Some jurisdictions even impose sound level limits in individual octave bands, that is, different sound level limits for different frequency ranges. These are typically the most challenging since low-frequency sound level limits could put significant design constraints on something like a simple-cycle gas turbine generator or a cooling tower.
When it comes to facility acoustical design, having a firm sound level limit can provide a good design target. However, due diligence is still required to ensure that the sound level limit is not too permissive, particularly if there is also a nuisance regulation in place. In other words, meeting a 55-dBA sound level limit could be straightforward in terms of facility design, but if the existing ambient background is fairly quiet – say 40 dBA during the nighttime – the possibility for noise complaints remains. This means a facility’s compliance with the rules could become more complex.
Acoustic Creep – Limits to Sound Level Increases
Limits to the allowable increase of an existing ambient sound level have the advantage of not allowing a noise source to dominate a community’s acoustical environment. For example, “A noise source shall not cause an increase to the existing, pre-construction ambient sound level of more than 5 dBA.” The disadvantage to this type of regulation is that it inadvertently permits “acoustic creep.” In other words, the ambient sound level in an area could creep several decibels higher each time a new noise source is added.
Disadvantage aside, ensuring a facility is compliant with this type of noise pollution regulation depends heavily upon the results of a thorough pre-construction ambient sound level survey. In order to establish the design requirements, the existing ambient level must be measured and evaluated, preferably in a continuous manner over a period of several days. Once the lowest existing ambient sound level is known, a design target can be developed and noise control measures can be planned.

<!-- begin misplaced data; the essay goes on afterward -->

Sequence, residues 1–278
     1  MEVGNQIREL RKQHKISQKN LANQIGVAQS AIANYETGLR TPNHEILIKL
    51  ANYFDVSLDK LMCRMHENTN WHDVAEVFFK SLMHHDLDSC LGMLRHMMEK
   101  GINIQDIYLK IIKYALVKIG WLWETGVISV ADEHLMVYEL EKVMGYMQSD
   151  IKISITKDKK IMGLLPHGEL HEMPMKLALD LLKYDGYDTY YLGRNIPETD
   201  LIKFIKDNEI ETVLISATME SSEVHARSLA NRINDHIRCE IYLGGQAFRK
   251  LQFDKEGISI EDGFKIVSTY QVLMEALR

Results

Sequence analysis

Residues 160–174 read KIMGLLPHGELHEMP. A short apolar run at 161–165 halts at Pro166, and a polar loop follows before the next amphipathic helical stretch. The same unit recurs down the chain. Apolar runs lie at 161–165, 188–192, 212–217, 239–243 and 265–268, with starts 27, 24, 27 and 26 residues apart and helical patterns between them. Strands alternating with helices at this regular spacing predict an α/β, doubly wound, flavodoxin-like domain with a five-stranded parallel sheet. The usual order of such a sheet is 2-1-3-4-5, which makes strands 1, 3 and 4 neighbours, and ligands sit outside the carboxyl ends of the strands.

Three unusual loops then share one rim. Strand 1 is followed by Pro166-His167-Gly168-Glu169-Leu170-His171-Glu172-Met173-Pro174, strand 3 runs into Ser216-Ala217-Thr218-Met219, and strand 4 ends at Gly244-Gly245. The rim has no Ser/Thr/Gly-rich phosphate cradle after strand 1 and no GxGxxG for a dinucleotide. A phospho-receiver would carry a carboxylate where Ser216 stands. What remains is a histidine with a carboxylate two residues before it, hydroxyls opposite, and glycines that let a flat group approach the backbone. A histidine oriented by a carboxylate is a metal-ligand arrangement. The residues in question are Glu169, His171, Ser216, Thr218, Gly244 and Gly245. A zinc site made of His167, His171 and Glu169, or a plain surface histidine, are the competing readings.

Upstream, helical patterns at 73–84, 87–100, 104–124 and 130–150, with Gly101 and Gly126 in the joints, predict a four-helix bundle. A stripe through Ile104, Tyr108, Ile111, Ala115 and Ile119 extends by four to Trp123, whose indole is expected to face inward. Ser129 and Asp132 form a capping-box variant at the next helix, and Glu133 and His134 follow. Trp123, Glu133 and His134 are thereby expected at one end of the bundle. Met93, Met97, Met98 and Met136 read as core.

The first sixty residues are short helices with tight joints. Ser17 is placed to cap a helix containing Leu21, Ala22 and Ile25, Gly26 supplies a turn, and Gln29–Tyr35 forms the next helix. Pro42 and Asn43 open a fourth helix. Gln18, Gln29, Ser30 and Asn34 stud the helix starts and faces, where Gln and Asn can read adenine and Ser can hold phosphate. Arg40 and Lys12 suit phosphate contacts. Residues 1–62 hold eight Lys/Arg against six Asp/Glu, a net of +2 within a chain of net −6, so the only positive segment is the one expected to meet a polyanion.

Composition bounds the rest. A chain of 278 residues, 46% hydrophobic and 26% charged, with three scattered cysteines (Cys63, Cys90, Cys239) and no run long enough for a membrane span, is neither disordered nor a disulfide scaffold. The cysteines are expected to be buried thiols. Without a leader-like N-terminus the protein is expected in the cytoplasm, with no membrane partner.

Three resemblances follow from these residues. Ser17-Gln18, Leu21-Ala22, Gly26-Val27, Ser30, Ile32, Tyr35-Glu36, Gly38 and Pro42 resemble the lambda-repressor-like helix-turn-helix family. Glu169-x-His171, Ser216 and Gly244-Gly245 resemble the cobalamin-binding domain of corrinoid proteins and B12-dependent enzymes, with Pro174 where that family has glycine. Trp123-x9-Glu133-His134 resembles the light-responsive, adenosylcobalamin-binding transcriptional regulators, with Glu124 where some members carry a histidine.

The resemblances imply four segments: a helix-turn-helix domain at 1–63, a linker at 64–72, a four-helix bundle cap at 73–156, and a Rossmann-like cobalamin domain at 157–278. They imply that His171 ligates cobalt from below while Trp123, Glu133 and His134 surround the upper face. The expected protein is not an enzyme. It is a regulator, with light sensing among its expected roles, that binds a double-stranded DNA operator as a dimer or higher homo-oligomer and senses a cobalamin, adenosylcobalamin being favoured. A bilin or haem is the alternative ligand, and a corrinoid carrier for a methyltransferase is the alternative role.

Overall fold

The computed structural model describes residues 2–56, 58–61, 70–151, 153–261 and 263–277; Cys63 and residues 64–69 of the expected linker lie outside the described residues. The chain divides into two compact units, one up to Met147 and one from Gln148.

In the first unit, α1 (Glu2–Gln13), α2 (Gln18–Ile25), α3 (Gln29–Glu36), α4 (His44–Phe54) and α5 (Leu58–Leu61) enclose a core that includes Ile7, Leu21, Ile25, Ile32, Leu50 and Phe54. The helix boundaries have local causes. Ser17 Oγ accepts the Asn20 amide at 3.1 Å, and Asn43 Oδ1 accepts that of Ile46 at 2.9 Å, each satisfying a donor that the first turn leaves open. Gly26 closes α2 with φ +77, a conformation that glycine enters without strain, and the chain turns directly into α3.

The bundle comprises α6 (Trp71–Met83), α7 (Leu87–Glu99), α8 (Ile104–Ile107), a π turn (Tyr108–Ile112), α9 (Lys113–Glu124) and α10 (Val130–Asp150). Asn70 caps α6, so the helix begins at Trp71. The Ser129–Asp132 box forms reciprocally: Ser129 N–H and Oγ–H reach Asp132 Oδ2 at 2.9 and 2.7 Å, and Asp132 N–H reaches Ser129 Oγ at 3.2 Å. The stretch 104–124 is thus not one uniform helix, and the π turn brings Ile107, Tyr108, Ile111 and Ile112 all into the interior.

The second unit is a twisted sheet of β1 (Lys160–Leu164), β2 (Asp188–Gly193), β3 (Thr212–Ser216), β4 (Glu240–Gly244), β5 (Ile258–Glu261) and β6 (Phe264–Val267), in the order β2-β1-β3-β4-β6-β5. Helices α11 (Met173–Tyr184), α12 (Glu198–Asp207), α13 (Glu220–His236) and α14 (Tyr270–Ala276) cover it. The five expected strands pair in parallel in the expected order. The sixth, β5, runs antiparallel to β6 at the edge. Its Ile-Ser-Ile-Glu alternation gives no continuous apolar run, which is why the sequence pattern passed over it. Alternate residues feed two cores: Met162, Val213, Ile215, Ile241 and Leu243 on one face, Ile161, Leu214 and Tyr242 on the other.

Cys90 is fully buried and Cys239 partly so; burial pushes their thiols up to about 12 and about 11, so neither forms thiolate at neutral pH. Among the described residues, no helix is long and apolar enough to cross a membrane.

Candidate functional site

Qualified Acoustical Professionals
Since regulations controlling noise pollution are not uniform in the U.S., the acoustical design of any new facility or facility expansion will depend on the noise regulations in place, as well as on the potential acoustical impact on the neighbors.
Project developers can benefit from qualified acoustical professionals who can provide noise assessment services for a wide range of facilities, from small residential substations and pumping stations, up to large combined-cycle power plants and liquefied natural gas processing facilities. These noise assessments may include a thorough regulatory review, a survey of the ambient acoustical environment, an acoustical model of the facility with consideration of all future noise sources, and acoustical design recommendations and specifications for the equipment.
Whether the goals are to minimize noise complaints, comply with regulatory sound level limits, or comply with a limit to the allowable increase in sound level, the development of any new facility or facility expansion will often benefit from a thorough noise assessment.
Subject Matter Expert
Jeff Szymanski: SzymanskiJD@bv.com